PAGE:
C-230. Resistance of Acanthamoeba Cysts to Disinfection in Multiple Contact Lens Solutions

S. P. Johnston, G. S. Visvesvara, R. Sriram, Y. Qvarnstrom, S. Roy;
CDC, Atlanta, GA.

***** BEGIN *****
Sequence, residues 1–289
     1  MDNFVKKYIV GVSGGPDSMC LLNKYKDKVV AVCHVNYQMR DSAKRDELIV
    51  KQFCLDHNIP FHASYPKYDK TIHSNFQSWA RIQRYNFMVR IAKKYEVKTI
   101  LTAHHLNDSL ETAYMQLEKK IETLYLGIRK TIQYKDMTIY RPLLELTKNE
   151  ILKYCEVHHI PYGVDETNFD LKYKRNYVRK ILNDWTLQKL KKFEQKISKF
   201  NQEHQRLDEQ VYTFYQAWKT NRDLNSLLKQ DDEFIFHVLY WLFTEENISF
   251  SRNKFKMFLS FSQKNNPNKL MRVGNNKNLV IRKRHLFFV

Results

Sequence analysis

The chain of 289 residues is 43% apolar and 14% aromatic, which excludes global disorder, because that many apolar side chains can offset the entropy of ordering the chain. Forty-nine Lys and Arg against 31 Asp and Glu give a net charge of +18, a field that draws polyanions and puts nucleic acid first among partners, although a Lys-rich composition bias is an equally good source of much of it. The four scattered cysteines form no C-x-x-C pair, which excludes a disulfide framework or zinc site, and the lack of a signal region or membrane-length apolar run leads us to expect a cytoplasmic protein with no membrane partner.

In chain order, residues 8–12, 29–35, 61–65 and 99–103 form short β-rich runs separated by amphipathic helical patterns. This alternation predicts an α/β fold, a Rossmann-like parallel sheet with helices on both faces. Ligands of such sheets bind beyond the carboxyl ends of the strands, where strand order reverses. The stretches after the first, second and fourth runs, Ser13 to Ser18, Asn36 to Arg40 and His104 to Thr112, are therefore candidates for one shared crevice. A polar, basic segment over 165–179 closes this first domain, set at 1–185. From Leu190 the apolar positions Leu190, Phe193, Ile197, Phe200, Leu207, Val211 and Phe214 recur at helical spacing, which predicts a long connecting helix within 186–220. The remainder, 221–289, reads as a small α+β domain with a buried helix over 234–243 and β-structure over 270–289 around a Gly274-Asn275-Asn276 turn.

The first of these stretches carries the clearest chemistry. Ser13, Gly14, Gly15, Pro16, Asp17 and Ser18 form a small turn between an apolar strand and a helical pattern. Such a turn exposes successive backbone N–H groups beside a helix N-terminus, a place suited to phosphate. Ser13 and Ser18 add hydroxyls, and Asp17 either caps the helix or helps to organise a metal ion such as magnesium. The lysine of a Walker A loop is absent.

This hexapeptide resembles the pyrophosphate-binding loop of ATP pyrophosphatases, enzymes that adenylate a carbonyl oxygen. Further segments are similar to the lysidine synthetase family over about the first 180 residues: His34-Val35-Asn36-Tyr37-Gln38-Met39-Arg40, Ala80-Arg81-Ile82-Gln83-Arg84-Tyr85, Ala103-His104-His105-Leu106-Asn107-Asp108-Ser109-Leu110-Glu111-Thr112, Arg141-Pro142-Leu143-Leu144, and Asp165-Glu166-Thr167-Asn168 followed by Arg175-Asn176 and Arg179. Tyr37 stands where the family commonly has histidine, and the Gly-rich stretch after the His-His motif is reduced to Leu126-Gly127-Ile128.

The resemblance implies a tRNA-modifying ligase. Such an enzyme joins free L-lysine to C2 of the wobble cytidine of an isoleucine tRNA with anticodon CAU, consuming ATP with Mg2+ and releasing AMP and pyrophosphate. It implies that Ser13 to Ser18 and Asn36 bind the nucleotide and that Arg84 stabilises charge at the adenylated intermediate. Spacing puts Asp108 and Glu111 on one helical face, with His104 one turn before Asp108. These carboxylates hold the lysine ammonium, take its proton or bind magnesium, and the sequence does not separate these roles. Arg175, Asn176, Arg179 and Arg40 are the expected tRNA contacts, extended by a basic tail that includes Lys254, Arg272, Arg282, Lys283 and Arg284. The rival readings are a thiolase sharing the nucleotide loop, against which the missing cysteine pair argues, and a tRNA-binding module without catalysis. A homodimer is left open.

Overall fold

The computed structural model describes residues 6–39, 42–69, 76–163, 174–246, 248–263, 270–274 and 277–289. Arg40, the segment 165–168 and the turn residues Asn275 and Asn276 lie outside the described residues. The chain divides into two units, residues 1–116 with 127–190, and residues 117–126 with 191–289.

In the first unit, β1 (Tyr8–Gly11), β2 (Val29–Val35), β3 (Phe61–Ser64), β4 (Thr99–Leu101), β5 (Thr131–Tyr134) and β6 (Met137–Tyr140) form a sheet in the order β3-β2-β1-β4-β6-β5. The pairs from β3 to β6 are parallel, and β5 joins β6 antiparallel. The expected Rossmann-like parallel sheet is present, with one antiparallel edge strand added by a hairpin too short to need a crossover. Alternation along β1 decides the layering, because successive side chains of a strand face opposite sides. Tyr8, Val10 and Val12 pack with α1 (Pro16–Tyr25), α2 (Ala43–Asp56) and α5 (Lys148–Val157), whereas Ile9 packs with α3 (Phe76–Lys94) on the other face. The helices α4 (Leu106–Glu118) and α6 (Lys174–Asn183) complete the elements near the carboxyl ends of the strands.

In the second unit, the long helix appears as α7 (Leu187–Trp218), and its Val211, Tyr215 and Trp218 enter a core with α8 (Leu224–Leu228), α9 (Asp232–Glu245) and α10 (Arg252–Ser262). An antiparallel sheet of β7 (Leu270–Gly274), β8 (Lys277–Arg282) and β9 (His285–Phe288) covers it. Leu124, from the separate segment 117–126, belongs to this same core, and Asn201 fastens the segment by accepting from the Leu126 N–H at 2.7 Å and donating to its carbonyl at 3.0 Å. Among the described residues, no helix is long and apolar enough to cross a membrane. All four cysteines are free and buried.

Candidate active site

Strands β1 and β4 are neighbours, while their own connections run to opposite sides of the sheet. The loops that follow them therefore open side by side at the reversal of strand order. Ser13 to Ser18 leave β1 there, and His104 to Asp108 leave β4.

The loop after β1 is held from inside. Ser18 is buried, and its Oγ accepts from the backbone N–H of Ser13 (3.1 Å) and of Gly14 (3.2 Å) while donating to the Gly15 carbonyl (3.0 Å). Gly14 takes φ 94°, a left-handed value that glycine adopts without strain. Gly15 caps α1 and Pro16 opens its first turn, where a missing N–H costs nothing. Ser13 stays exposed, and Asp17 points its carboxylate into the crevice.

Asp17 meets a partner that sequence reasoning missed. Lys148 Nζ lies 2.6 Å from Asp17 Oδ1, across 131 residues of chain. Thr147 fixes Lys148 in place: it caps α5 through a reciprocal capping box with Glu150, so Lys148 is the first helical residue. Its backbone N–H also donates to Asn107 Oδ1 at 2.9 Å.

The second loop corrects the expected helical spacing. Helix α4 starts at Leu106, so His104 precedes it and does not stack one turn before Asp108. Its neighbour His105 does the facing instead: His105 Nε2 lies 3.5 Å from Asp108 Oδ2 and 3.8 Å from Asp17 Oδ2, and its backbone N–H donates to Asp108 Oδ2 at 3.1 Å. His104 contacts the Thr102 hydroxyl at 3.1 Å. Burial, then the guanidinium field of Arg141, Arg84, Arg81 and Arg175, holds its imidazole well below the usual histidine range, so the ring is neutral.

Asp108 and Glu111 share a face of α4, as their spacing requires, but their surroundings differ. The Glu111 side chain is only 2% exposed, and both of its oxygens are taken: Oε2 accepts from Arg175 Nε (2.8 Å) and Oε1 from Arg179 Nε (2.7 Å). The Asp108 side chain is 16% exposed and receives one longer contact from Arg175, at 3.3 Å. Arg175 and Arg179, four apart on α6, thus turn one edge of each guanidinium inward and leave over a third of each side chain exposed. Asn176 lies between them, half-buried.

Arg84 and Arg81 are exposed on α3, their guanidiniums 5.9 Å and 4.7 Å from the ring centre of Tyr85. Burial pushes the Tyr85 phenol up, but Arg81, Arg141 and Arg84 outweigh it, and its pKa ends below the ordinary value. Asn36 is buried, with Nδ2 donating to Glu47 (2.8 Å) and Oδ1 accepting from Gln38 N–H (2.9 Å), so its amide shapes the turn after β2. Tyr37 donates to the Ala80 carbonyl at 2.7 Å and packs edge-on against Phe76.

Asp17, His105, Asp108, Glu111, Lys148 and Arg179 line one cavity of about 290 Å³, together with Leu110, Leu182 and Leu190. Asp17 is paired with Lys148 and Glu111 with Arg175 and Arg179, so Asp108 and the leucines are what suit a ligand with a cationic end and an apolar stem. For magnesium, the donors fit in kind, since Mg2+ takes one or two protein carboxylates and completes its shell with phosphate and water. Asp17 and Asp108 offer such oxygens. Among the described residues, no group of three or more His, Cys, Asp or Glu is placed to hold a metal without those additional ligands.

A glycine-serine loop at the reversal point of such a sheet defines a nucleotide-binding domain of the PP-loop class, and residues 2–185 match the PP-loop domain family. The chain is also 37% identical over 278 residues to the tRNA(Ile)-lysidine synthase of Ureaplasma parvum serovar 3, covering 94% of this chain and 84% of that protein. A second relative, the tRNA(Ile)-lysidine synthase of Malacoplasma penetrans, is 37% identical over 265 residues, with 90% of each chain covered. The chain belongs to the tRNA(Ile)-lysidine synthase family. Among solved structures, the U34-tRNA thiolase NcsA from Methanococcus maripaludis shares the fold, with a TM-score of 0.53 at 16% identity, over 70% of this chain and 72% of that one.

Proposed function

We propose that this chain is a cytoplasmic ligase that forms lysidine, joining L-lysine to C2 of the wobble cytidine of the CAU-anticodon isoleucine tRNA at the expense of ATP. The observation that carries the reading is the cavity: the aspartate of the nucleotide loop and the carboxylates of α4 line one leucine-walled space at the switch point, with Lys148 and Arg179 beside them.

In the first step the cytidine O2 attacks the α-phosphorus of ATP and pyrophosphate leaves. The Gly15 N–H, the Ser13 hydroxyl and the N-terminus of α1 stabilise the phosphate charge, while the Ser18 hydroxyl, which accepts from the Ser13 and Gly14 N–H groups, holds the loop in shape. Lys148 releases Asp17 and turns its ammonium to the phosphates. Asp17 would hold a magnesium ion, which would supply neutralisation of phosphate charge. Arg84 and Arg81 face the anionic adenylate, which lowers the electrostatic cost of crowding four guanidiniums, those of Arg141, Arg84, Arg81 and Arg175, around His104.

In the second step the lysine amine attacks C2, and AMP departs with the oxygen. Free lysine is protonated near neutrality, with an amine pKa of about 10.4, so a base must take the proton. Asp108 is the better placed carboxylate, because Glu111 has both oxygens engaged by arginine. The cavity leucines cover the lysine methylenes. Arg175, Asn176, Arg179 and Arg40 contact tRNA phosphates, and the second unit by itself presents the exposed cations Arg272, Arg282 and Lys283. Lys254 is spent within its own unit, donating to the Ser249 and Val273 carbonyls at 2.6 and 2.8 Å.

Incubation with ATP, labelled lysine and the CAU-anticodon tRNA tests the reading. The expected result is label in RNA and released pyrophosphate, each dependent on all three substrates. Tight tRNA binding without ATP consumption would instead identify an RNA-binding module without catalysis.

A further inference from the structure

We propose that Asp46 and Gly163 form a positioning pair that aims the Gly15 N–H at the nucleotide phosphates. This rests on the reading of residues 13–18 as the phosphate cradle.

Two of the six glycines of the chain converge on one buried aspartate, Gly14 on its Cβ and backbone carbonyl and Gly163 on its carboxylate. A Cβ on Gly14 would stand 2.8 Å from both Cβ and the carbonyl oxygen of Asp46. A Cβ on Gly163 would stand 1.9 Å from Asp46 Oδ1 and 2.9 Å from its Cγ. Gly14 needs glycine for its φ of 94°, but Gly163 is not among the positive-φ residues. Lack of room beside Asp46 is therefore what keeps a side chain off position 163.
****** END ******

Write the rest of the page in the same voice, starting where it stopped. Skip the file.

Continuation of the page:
Acanthamoebae are free-living protozoa found in the environment including soil, fresh and brackish water, and hot tubs/Jacuzzis, which can cause Acanthamoeba keratitis (AK), a painful vision-threatening infection of the cornea and fatal granulomatous encephalitis in humans. More than 20 species of Acanthamoeba belonging to morphological groups I, II and III distributed in 16 genotypes have been described. Among these, A. castellanii, A. polyphaga, and A. hatchetti are frequently identified as causing AK. Acanthamoeba possesses a feeding trophozoite stage and a resistant double-walled cyst stage. Improper contact lens (CL) care and contact with non-sterile water while wearing contact lenses are known risk factors for AK. In addition, a recent increase in AK case-reports was associated with the use of Advanced Medical Optics Complete® MoisturePlus™ multipurpose contact lens solution hypothesized to have had insufficient anti-Acanthamoeba activity. We compared the efficacy of 11 different contact lens solutions purchased from stores against cysts of three species (A. castellanii, A. polyphaga, and A. hatchetti) of Acanthamoeba, genotype T4. These species of Acanthamoeba were obtained from a 2007 outbreak involving this organism. Cysts were suspended in ameba saline, and adjusted to yield 100 cysts per 10 µl. Ten µl of this cyst-containing solution was added to one ml of each lens cleaning solution, in triplicate, and incubated at 24°C for 4 or 6 and 24 h. After incubation, the solutions were washed by centrifugation and all but 0.2 ml of the solution aspirated, mixed gently, inoculated on agar plates coated with E. coli, and incubated at 24°C. Plates were examined daily for two weeks with an inverted microscope for the presence of trophozoites and the efficacy of the solutions was scored qualitatively. The data, generated using A. castellanii cysts, suggest that CL solutions containing hydrogen peroxide are more effective at destroying cysts of A. castellanii than others. In solutions containing multipurpose ingredients, trophozoites of A. castellani were observed as early as 4 hours. Efficacy of these solutions against cysts of A. polyphaga and A. hatchetti will also be discussed.